No, not a formal one anyway. There is certainly ample money available to lend. Although, the ease of how it’s distributed has changed somewhat. For a profitable farm business with good levels of equity, it’s pretty much business as usual. In fact, in this part of the market the competition is as strong as ever! For example, I made a $4 mil deal this week that had an overall interest rate in the high 3% range.
However, if your agri-business is either at the margins, or looking at a large expansion though, the landscape has definitely changed. Banks may still approve these deals. Having said that, the lead times will be much longer, and you will need to jump through more “hoops” to obtain unconditional approval.
On the bright side, valuations for agricultural properties have held up quite well. There has also been a good number of sales in most districts over the last few years. New valuations are increasing accordingly, as the valuer can now use more comparable sales in their reports. Banks are also still willing to do internal valuations. Even so, some banks are phasing this out in response to the Banking Royal Commission report.
Another factor is the RBA (Reserve Bank Australia) cash rate. The RBA and the media make this figure (currently 1.5%) is readily accessible, and most people would have heard about it. I venture to suggest, that most people think all lending is based on the RBA cash rate. This is not the case. Depending on which product the bank is using for agricultural loans, the RBA cash rate may or may not be the base rate.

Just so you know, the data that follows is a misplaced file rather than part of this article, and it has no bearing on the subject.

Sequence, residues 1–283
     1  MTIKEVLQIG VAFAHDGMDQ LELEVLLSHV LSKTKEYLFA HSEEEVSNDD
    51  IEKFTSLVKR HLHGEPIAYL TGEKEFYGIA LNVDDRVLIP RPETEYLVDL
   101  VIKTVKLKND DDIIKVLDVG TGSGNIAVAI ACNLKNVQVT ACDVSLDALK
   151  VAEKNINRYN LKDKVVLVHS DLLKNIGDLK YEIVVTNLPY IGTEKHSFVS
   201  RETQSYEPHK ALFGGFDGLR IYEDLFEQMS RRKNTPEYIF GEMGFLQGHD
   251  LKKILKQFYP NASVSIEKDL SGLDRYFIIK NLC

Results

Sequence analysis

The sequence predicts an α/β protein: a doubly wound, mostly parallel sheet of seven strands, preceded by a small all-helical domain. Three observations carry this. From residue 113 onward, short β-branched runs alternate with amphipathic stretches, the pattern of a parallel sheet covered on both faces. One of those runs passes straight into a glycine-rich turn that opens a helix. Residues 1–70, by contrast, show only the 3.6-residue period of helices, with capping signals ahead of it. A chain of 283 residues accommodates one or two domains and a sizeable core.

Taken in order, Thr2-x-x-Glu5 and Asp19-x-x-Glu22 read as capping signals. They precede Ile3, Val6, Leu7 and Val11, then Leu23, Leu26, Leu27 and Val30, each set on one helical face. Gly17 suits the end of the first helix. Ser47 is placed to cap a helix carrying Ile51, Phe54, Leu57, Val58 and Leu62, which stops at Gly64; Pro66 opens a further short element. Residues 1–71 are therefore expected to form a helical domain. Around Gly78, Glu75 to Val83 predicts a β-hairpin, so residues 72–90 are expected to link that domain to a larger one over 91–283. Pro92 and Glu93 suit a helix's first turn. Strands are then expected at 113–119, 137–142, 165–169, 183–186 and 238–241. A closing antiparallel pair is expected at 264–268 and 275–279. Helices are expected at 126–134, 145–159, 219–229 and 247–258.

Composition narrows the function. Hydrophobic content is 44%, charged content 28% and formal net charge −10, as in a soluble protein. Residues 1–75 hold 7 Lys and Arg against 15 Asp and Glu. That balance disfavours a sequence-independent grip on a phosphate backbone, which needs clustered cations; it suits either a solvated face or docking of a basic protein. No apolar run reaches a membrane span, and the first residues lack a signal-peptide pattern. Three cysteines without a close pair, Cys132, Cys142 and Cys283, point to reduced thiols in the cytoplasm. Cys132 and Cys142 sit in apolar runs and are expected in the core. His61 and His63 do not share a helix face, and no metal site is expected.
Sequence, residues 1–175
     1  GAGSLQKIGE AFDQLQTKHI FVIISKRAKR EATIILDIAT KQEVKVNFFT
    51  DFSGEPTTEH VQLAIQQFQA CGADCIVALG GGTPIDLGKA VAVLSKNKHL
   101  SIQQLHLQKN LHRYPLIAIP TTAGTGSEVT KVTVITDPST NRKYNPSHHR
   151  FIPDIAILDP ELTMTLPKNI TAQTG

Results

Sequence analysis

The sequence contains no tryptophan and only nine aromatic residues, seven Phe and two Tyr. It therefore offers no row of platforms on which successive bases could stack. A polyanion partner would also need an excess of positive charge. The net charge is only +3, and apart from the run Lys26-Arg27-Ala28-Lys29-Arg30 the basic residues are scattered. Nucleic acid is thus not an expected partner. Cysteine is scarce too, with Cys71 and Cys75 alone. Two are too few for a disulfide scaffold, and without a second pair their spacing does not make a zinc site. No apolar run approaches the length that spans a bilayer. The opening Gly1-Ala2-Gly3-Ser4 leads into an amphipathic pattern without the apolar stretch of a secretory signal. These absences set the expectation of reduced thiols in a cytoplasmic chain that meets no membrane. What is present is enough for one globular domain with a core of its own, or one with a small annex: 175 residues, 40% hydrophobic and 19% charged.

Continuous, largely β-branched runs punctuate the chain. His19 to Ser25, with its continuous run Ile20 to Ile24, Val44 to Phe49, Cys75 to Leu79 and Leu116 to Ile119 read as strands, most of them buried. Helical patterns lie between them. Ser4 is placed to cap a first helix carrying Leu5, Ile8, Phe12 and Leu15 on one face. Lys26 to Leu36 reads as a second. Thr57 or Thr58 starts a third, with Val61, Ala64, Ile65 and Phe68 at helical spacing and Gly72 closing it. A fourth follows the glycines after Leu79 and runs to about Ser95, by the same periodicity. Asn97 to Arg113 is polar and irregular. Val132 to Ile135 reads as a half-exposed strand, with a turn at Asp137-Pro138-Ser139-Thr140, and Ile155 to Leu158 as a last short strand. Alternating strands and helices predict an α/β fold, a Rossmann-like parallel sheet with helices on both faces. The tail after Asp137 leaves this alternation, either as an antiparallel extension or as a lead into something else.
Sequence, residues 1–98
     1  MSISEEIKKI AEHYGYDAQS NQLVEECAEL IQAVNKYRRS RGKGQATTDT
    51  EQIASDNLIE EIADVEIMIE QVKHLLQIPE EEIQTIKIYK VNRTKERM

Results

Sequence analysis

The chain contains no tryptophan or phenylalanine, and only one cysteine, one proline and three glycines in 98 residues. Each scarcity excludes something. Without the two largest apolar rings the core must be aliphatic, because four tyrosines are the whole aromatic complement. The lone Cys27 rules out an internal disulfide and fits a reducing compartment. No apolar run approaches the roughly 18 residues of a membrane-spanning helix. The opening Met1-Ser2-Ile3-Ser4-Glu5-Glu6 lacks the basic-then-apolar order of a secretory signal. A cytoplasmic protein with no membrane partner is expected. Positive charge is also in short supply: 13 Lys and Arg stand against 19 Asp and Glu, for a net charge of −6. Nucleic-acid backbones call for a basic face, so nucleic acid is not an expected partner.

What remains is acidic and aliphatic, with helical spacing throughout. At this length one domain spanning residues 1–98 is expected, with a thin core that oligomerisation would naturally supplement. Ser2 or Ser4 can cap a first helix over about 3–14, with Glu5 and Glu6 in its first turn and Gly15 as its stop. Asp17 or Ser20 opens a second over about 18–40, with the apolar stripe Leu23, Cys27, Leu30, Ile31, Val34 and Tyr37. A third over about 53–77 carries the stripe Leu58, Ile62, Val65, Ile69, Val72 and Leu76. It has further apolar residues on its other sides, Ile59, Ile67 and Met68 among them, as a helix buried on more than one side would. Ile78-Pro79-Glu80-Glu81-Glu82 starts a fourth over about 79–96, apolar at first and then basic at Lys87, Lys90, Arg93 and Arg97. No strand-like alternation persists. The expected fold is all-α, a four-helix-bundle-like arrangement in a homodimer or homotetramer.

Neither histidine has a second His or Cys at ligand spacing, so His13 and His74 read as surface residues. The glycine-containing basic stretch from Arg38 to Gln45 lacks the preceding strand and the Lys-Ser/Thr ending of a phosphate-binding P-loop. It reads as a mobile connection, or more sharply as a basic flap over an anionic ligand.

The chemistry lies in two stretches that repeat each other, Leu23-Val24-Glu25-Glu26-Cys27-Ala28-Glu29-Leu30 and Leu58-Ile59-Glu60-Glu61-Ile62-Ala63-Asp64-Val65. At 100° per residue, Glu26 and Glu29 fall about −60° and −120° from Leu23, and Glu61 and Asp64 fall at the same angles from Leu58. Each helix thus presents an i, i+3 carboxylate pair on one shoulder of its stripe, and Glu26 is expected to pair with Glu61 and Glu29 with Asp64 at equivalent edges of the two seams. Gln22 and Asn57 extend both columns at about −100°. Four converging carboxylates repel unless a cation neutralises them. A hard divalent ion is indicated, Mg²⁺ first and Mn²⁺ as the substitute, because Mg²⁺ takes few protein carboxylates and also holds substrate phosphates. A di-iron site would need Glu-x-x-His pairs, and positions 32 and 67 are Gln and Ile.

Generally, the majority of agricultural loans are based on the Bank Bill Swap Rate (BBSW). This is essentially the rate that banks lend to each other. Right now, the BBSW is approximately 1.7%, whereas the RBA cash rate is 1.5%. The RBA cash rate sporadically changes, while the BBSW changes (in small increments) daily.
Whether the bank uses the RBA cash rate or the BBSW as its base rate will influence the interest rate the bank offers you. On top of that, there is always their cost of doing business and the customer margin. All of this adds up to the overall interest rate the banks offer their customers.
Fortunately, businesses can negotiate the customer margin. That is where the profitable agri-businesses with good equity have an advantage. Banks are open to negotiation, and are very interested in either obtaining new customers in this strong category, or conversely, keeping the ones they already have!
A bit of competitive tension goes a long way!